“I believe Hollywood Invades Tempe gave me the best introduction to the Arizona and California film community,” said President Sedona Saulnier. “I have had unprecedented experience with my teams over the years and I can only hope that those who care about the organization and the film program here at ASU continue the great work we have done here. I want to continue to help nurture creativity and inclusivity in the long run. I sincerely believe that this is my mission as a film student and as a Sun Devil. “

Show: is a script club, a place where scriptwriters can bring their scripts to have them read and get feedback. The club begins with the casting of a script, the handing out of parts and the subsequent reading, during which the actors read their respective lines. After reading, they open the space to everyone for feedback.

“It’s an open dialogue, a conversation between the writer and the audience,” said club president Alex Plaizier. “The hope is that the feedback will help the writer do the rewriting.” Plaizier said, “Being part of Fade In: is like being part of a writer’s guild. We’re here to support you, to help you, and we hope you find people who can help you see your work as a reality. ”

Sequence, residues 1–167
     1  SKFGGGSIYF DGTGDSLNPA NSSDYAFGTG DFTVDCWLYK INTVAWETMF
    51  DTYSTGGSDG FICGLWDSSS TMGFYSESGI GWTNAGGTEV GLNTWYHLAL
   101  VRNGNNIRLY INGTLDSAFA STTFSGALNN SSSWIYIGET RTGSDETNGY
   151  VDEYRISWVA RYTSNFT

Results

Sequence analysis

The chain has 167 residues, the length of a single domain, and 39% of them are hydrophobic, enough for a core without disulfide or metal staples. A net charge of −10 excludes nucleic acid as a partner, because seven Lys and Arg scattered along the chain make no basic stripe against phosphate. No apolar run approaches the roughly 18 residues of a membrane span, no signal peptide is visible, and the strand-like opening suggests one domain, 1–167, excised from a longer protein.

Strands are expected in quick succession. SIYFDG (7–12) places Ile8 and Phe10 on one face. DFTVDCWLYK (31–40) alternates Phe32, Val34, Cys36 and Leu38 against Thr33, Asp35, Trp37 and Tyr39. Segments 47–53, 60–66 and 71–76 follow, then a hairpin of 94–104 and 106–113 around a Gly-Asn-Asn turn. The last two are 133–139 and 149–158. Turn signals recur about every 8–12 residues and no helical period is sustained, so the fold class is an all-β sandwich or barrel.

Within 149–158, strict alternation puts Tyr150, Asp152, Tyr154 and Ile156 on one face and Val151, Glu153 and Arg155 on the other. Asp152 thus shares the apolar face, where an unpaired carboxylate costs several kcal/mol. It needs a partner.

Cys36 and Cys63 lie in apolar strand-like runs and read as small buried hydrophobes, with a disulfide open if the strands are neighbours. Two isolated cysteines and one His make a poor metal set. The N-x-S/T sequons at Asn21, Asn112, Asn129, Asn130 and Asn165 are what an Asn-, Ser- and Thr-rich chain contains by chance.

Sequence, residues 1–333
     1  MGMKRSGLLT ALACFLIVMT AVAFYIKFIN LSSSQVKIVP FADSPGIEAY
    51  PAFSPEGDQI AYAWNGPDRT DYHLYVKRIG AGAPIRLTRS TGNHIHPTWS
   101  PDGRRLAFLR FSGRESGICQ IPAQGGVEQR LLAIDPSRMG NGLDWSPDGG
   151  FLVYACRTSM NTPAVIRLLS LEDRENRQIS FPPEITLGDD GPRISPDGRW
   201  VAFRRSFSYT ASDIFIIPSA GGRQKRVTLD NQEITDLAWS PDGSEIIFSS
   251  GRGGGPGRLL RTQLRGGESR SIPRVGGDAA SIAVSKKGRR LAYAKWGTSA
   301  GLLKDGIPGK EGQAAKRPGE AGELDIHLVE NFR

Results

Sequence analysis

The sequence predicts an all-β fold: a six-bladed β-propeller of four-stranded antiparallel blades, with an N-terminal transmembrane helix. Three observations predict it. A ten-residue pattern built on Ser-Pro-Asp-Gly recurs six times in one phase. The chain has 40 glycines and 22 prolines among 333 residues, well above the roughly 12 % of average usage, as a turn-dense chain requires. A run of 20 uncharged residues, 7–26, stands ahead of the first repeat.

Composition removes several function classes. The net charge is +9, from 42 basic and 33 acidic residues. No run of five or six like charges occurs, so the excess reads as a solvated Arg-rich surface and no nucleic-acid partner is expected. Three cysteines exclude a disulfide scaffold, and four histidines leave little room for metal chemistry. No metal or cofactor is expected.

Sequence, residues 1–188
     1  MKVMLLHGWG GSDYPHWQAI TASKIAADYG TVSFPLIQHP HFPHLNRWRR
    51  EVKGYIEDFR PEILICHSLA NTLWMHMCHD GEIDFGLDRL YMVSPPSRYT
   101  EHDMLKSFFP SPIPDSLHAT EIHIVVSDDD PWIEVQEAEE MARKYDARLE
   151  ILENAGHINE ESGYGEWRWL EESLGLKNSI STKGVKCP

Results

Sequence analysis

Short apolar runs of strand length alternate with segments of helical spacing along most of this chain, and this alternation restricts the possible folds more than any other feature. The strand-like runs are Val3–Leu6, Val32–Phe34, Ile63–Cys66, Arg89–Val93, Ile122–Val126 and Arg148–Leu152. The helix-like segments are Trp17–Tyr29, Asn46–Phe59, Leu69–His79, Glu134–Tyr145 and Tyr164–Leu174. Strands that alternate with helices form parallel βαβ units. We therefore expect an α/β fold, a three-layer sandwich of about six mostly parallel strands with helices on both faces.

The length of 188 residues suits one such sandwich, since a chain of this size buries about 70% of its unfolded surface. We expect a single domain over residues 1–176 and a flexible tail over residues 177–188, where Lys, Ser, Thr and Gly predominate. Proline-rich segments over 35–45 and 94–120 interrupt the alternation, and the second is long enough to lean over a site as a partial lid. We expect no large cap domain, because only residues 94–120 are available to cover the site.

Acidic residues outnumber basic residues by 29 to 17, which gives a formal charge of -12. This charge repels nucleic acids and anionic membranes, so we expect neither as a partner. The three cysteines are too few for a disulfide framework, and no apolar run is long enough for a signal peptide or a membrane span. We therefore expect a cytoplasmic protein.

Fade in: has its general meeting on Thursdays at 6 p.m. on Zoom; Links are on both Instagram and SunDevilSync pages. There are several scripts to be read over the next few weeks, and the organizers hope to be able to contact and collaborate with guest speakers in the near future.

Entertainment Business Association is a student organization dedicated to building a diverse community of young professionals who are passionate about the entertainment industry by promoting professional development and celebrating creativity. Members develop entrepreneurial skills as they explore careers in film and television, event planning, performing arts management, branding, and many other areas of entertainment. The EBA offers valuable and extensive experience through professional workshops, industry experience and guest speakers to build a successful community both within ASU and in the industry.

“The Entertainment Business Association has helped me find a home where I can meet like-minded people who are interested in the business and creative side of filmmaking,” said Valeria Valdes, club president. “Through the EBA’s Speaker Series, I met and networked with local professionals whose stories have helped me gain a deeper understanding of the industry, how to continue my professional growth, and the rewards and challenges of a career in entertainment are connected.”